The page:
Although the taxiway's ends were level with the runway, the pavement gradually climbed 30 inches above the runway. Having previously provided planning services, Garver understood that Ada Municipal Airport planned to seek FAA approval for precision approaches. This rise above the runway created a TERPS surface and Part 77 encroachment that impacted the airport's ability to receive better than 3/4-mile minimums on a vertically guided instrument approach.

"It was important to correct the taxiway's vertical alignment so that the airport could receive additional approaches to attract larger planes and more clients," Hebert said. "If we hadn't caught that conflict, the airport may have realized they had a primary surface bust only when pursuing those future precision approaches."

To correct the taxiway, the project needed an additional $4 million and a second year of construction to receive the needed state and federal grant funds.

"Lowering the taxiway caused us to rework the entire terminal apron, make adjustments to the electrical system, and reconstruct the fuel farm," said Brown. "Due to the additional cost, it took a month of intense communication between the FAA, OAC, City of Ada and Garver to determine the most economical solutions that met aviation standards."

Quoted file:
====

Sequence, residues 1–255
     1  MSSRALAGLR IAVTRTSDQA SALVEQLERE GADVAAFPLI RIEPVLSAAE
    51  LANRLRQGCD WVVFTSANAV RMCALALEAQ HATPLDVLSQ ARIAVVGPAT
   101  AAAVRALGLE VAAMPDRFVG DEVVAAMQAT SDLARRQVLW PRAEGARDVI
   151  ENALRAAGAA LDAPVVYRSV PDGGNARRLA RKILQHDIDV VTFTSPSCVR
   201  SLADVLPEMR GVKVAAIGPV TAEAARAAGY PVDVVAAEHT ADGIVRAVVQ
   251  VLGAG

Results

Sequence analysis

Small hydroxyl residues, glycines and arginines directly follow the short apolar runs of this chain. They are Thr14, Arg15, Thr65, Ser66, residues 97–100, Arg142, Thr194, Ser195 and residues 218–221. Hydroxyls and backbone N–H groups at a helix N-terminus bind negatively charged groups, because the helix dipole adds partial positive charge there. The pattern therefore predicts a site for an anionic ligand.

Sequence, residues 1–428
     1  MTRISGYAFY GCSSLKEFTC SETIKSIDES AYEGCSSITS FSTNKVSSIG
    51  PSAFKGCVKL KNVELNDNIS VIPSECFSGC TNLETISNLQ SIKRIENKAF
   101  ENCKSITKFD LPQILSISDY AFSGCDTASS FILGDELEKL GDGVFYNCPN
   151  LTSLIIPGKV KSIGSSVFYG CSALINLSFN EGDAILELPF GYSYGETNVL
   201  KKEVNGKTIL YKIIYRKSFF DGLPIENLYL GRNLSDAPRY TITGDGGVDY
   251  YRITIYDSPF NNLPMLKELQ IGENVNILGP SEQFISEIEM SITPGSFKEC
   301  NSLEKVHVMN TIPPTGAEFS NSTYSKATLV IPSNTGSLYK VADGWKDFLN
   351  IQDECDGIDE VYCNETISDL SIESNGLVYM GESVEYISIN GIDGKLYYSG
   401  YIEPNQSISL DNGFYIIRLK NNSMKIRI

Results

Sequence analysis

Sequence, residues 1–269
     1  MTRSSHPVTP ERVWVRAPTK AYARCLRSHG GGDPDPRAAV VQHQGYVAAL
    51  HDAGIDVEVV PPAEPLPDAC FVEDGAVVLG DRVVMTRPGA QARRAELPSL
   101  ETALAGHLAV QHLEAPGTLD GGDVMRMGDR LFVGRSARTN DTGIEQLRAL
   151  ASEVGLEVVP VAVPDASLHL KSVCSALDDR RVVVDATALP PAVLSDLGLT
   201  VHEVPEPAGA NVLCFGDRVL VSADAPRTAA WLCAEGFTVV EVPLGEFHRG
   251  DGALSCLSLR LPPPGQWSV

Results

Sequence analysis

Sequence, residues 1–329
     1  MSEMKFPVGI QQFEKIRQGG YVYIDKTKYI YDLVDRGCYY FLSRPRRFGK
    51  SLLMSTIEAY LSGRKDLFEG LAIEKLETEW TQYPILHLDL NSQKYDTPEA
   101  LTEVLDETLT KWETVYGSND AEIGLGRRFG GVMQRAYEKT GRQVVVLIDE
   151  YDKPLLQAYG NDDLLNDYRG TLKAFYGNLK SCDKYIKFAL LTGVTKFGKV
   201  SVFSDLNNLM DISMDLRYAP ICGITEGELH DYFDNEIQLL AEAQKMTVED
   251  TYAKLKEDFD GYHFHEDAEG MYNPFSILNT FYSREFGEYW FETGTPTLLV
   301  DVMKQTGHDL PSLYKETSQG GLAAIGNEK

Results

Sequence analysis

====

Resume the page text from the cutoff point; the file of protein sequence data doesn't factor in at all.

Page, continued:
Garver divided the project into two phases. The taxiway and associated asphalt and concrete pavements were completely removed, and the utilities, electrical system and storm drainage relocated to lower elevations. Construction crews then excavated down to the new subgrade level and installed a thicker concrete taxiway pavement.

In addition to replacing the airfield's electrical vault and installing medium intensity taxiway lights along the full length of the new parallel taxiway, the airfield development includes cutting-edge light-emitting diode (LED) taxiway signs.

"This is Oklahoma's first application of LED airfield signs," Brown said. "Ada Municipal Airport will use a complete LED system as part of its new taxiway."

While the project was being bid, Garver Electrical Engineer Bart Gilbreath received information that a new airfield technology was available—LED guidance signs. After investigating the financial cost and benefits of LED signage, Garver received approval from the OAC and City of Ada to modify the plans to install Siemens Airfield Solutions' LED signs.

"The cost of buying the more-expensive LED signs was justified by the lower power equipment required in the electrical vault," Gilbreath said. "The system requires constant current regulators to power the equipment in the airfield. Because we went with the LED signs, we were able to use regulators with lower kilowatt ratings, dropping the equipment cost significantly."

Besides reducing energy usage by 50 percent and providing 50,000 hours of lamp life, the LED signs will save maintenance costs and time.

The Oklahoma/Arkansas Chapter of the American Concrete Pavement Association recently honored Phase 1 of this project as a Silver Winner. The award recognized the project's high-quality finish, uniformity, airfield benefit and workmanship quality.